Clonal diversity of vector-marked human henutopoietk progenitors recovered from longterm engrafted immune deficient mice

M. A. Pao, X. J. Yu, D. B. Kohn, Jan Nolta

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Stem cells are the primary tirgct in basic gene therapy research. The goal is to insert a functional gene into a self-renewing cell which, in turn, can divide and reconstitute the entire hemaiopoieUc system. In our in vivo model using beigc/nudc/xid (bnx) mice as transplant recipients and the technique of inverse PCR to identify the number of marked cells, we demonstrated the rare transaction of a human stem cell (Nolta et al., PNAS 93 in press, 1996). We have now assessed the number of marked progenitor or stem cells able to generate clonogcmc progeny capable of long-ierm expression of the inserted gene. CD34 progenitors were isolated from human bone marrow and transduced with retro v irai supernatant (LN) and stromal support as described (Nolta et al., Blood 86 101-110. 1995). The cells were co-transplanted with stroma producing human 1L-3 into bnx mice and allowed to engraft for 7-11 months, then the mice were sacrificed and bone marrow cells harvested. The cells were plated in human-specific CPU assay W- the selective agent G418. Two weeks later, colonies grown in G418 were plucked and PCR for the neo gene was done. We performed inverse PCR on neo colonies to analyze the integration site of the LN provirus in the human DNA. Genomic DNA isolated from each colony was digested with Taq 1, which cut once in the vector internal to each LTR and randomly cut in the human DNA flanking the vector. Two fragments of unique length were obtained per provirat integrant, each containing one intact LTR and a human DNA segment of variable size. The cut DNA segments were self-ligated and subjected to nested PCR, initially amplifying outward from ihe ends of the LTR into the flanking cellular DNA. Bands with similar electrophoretic mobility were isolated and scquenced to confirm identity. We assessed the ctonal diversity of G41g human CPU recovered from 18 long-term engrafted bnx mice, and found two to six human hematopoietic precursors to be generating all marked colony-forming progenitors (9 - 28) recovered from each animal. We searched GenBank for the human DNA sequences into which the vectors had integrated. In most cases, integration had occurred in unidentified human DNA. In one instance, we found a provirus integrated into the gene for human natriuretic factor. From 22 sets of experiments, we found pro viral integrants at identical sites in only two mice transplanted with cells transduced in [he same flask, indicating that a long-lived, marked cell had self-renewed in vitro prior to transplantation. Our in vivo model and the inverse PCR technique thus have allowed us to trace and identify the number of marked human cells capable of long-term generation of clonogenic progeny.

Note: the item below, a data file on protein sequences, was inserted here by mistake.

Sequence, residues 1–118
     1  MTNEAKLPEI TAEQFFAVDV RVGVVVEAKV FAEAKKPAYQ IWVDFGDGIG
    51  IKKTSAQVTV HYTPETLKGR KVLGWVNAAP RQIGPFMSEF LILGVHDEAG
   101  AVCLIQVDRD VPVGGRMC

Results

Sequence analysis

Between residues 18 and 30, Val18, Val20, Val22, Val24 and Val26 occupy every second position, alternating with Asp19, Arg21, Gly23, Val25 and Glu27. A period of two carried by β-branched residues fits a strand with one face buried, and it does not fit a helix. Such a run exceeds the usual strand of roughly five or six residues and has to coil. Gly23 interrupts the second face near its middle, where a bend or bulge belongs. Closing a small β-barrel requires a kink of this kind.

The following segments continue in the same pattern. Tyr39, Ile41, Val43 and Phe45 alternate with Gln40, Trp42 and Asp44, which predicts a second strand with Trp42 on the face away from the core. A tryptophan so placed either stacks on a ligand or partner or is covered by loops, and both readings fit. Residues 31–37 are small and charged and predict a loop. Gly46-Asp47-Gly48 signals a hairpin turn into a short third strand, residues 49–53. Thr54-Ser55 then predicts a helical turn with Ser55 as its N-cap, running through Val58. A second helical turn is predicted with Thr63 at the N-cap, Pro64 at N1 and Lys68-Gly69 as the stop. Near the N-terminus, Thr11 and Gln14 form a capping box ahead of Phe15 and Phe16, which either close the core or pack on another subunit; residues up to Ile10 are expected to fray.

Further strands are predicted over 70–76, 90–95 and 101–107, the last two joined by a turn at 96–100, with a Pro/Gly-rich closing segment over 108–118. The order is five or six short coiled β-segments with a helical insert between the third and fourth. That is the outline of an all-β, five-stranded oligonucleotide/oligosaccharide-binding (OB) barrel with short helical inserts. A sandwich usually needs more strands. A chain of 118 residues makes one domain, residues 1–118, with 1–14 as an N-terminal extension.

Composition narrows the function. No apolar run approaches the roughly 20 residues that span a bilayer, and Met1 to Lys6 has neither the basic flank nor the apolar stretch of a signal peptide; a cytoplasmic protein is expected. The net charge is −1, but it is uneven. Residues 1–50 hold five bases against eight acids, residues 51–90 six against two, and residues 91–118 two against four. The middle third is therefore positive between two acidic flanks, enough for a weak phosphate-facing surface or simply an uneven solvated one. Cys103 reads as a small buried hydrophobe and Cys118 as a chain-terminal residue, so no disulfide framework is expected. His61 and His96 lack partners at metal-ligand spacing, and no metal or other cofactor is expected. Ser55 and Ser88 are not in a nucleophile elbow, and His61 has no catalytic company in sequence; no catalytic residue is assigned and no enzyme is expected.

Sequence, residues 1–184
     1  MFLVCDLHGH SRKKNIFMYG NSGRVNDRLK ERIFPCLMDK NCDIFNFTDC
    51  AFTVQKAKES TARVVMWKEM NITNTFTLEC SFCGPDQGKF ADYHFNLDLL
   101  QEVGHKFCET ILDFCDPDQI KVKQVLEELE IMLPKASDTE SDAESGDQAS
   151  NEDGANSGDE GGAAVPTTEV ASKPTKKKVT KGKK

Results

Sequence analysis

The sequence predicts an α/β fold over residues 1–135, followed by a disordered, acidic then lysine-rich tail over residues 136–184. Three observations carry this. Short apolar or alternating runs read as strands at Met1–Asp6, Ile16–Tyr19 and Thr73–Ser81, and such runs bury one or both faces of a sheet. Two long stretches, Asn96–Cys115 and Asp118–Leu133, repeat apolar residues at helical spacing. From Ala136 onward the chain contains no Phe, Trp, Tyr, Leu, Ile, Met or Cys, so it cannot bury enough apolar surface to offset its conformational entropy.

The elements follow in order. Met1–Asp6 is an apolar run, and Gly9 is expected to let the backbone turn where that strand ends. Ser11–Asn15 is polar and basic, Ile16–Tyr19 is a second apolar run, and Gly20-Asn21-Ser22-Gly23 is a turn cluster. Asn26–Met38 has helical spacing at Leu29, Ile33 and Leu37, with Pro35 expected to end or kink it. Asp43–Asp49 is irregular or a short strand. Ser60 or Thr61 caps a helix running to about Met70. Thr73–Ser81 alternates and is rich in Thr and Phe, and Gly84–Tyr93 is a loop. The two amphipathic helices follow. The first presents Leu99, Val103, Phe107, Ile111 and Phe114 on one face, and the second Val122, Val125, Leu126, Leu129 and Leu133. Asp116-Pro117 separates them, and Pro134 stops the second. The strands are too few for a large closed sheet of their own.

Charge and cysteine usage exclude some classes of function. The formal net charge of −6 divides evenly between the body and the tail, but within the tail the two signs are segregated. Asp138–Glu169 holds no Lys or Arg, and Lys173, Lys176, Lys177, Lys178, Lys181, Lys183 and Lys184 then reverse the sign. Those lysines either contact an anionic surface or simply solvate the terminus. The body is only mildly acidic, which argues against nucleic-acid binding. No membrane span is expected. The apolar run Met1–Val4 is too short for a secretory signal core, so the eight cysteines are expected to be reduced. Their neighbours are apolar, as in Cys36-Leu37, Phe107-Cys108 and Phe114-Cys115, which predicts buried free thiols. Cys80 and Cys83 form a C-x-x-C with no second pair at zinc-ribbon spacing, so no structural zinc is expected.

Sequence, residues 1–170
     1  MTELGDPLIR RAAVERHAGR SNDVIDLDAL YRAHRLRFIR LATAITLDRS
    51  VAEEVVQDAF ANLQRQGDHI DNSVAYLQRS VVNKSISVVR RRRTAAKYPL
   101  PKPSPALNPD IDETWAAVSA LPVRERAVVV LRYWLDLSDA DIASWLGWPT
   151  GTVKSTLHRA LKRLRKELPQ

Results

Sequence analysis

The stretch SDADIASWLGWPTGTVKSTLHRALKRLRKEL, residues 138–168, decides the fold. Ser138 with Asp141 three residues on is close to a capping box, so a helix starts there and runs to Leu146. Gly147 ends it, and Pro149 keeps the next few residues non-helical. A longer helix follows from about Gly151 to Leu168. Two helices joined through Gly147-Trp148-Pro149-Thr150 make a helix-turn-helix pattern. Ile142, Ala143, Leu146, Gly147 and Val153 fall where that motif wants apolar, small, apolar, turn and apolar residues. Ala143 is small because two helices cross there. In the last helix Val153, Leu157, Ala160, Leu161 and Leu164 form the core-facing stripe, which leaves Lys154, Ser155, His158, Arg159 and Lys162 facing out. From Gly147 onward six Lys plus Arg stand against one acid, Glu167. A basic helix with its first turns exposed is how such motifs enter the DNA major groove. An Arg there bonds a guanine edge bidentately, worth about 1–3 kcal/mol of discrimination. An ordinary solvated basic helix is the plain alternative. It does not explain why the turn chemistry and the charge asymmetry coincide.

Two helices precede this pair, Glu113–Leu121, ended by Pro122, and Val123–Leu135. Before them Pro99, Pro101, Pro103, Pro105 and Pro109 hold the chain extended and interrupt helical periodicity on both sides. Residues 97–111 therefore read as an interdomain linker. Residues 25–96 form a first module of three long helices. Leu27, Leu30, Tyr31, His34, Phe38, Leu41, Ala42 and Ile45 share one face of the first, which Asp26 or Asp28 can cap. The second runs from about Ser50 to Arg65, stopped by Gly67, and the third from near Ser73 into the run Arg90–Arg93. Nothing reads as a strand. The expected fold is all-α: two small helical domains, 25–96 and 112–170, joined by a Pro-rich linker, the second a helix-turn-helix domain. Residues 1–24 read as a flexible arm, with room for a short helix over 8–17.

Original languageEnglish (US)
Pages (from-to)1057
Number of pages1
JournalExperimental Hematology
Issue number9
StatePublished - 1996
Externally publishedYes

ASJC Scopus subject areas

  • Cancer Research
  • Cell Biology
  • Genetics
  • Hematology
  • Oncology
  • Transplantation


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